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Jarvis v. Taylor

United States District Court, M.D. Alabama, Northern Division

February 12, 2018

CHRISTOPHER JARVIS, Plaintiff,
v.
T. BRITT TAYLOR, et al., Defendants.

          REPORT AND RECOMMENDATION

          David A. Baker United States Magistrate Judge

         Plaintiff Christopher Jarvis filed a Complaint in this Court against Defendants T. Britt Taylor, Norman Chandler, James R. Johnson, and Taylor Chandler, LLC (“Taylor Chandler”) (collectively, “Defendants”), alleging claims of breach of implied covenant of good faith, fraudulent inducement, negligence, breach of contract, tortious interference with contract, tortious interference with business relationships, wantonness, civil conspiracy, and accounting. (Docs. 1, 6). Defendants filed a counter-claim against Plaintiff alleging three counts of breach of contract, breach of fiduciary duty, negligence, breach of loyalty, and fraud and suppression. (Doc. 10).

         This matter is before the court on Plaintiff's motion to dismiss the counterclaims for breach of loyalty, negligence, and fraud for failure to state a claim upon which relief can be granted. (Doc. 13). The motion is fully briefed and the arguments are taken under submission on the record without oral argument.

         I. JURISDICTION

         Subject matter jurisdiction is conferred by 28 U.S.C. § 1332 as to the parties' state law causes of action. The parties do not contest personal jurisdiction or venue, and there are adequate allegations to support both. See 28 U.S.C. § 1391. On June 29, 2017, this matter was referred to the undersigned by U.S. Chief District Judge W. Keith Watkins for disposition or recommendation on all pretrial matters. (Doc. 4). See also 28 U.S.C. § 636(b); Rule 72, Fed. R. Civ. P.; United States v. Raddatz, 447 U.S. 667 (1980); Jeffrey S. v. State Board of Education of State of Georgia, 896 F.2d 507 (11th Cir. 1990).

         II. BACKGROUND AND STATEMENT OF FACTS[1]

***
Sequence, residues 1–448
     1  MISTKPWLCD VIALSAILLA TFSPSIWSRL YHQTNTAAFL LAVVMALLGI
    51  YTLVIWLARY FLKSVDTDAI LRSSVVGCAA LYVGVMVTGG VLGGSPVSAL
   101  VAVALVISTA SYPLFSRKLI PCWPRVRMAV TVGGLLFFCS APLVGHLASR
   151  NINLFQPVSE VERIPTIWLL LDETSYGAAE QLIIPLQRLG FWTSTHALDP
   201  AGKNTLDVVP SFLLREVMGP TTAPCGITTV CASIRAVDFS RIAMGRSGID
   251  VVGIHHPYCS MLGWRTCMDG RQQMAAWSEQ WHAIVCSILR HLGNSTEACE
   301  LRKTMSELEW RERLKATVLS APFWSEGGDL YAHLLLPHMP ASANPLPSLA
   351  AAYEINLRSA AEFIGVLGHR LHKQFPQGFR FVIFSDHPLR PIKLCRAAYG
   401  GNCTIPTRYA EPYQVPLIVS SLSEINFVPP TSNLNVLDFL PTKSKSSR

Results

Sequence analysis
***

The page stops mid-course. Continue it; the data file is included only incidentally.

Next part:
Plaintiff was a life insurance broker who owned a company called Jade Risk, LLC (“Jade Risk”) with its principal place of business in Texas. (Doc. 10 at ¶¶ 6, 10). On July 1, 2016, Defendants purchased Jade Risk from Jarvis[2] pursuant to the terms of a Membership Interest Purchase Agreement. Id. at ¶ 9. Defendants Taylor Chandler hired Plaintiff as an employee simultaneously with the aforementioned sale. Id. at ¶ 15. As part of the sale of Jade Risk, Plaintiff provided Defendants with a spreadsheet for a 2016 forecast of Jade Risk clients that included 58 clients, of which, Defendants allege that “19 were entirely fabricated by” Plaintiff. Id. at ¶ 18. Defendants further alleged that Plaintiff suppressed from Defendants that he “planned on shutting down 24 of the other [clients] by the end of 2016.” Id. at ¶ 19. “As part of the closing, [Plaintiff] also executed a Membership Interest Purchase Agreement (the ‘Purchase Agreement'), an employee agreement (the ‘Employee Agreement'), and a restrictive covenants agreement (the ‘Restrictive Covenants Agreement').” Id. at ¶ 32. Defendants allege that Plaintiff engaged in a number of actions that “violated the aforementioned provisions of the Purchase Agreement, the Employment Agreement, and the Restrictive Covenants Agreement.” Id. at ¶ 57.